A new book edited by Richard Kahlenberg and backed by the Brookings Institution (not exactly a bastion of conservative thought) hammers home what we’ve known all along: elite colleges offer preferences to children of their alumni.
The result: Less qualified legacy candidates sometimes are accepted over more qualified candidates without alumni ties.
My comment: Duh.
Does it bother me that sons and daughters of rich-and-mostly-white alumni get a demonstrable, measurable preference in admission to elite institution? Sure. But it also bugs me that a girl with one grandparent from Argentina who moved to the US to work at Goldman Sachs can claim to be “Latina” and therefore be given a preference for being part of an “underrepresented minority.” It also bugs me that colleges take into account whether you can run fast, jump high, or throw a ball–and give preferences accordingly. It also bugs me that the nice Jewish girl from New Jersey can be beat out by a rancher boy from North Dakota–simply on geographical preferences.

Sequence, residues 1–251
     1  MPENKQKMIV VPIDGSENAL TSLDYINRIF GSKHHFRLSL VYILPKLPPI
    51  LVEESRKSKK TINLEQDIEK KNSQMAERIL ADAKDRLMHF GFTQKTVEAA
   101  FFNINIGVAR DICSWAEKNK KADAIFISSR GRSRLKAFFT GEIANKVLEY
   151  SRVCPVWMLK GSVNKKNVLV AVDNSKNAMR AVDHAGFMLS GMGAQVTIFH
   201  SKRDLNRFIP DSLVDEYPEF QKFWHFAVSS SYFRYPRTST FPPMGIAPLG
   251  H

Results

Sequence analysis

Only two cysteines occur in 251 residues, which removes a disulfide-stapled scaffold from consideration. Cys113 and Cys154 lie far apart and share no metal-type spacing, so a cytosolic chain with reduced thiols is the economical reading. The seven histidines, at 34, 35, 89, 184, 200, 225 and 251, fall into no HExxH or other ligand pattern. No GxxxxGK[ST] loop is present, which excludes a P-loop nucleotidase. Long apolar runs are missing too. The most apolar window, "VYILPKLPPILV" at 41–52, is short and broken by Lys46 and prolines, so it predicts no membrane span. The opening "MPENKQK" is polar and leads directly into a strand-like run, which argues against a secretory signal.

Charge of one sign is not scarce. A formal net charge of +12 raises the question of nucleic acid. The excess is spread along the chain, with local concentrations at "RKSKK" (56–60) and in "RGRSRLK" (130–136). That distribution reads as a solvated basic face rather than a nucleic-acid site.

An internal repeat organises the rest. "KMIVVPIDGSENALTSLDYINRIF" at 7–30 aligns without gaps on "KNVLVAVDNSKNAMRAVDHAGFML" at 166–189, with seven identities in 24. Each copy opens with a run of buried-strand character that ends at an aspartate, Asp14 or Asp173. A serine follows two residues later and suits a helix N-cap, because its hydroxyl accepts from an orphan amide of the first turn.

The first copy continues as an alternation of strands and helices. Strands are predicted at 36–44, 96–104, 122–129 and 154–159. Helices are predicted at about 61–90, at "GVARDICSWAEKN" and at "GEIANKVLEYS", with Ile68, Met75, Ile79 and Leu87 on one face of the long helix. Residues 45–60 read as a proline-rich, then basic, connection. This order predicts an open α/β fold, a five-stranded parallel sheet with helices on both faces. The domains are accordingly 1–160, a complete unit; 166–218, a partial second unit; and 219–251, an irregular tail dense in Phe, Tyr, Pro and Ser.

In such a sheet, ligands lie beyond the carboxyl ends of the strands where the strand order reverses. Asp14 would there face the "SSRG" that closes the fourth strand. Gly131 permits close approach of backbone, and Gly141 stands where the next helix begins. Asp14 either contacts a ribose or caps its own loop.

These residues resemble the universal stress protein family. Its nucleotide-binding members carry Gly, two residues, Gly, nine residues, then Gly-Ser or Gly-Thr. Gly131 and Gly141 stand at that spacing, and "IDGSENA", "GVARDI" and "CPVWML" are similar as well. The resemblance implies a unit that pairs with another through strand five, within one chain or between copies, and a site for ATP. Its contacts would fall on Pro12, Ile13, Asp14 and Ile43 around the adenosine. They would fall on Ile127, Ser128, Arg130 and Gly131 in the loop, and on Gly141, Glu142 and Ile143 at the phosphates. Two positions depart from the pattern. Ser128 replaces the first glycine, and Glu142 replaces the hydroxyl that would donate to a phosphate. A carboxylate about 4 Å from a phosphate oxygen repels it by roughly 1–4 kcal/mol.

The fact is, folks, is that this admissions game will never be fair and just and equitable–especially in private colleges, elite or otherwise. They are pretty much free to accept whomever they like, as long as they do not run afoul of civil rights law. Of course, some are arguing (including in this report) that legacy preferences do discriminate–and should therefore be outlawed. All I can say is, be careful what you wish for: elimination of preferences of any type might spell the end of the Rose Bowl, March Madness, and the NCAA. For starters. If we base admissions standards solely on academics, then we may as well get rid of the Ohio State marching band: who will be the tuba player that gets to dot the “i” if there are no preferences for marching tuba players?
Educational Consultant to Marching Band Members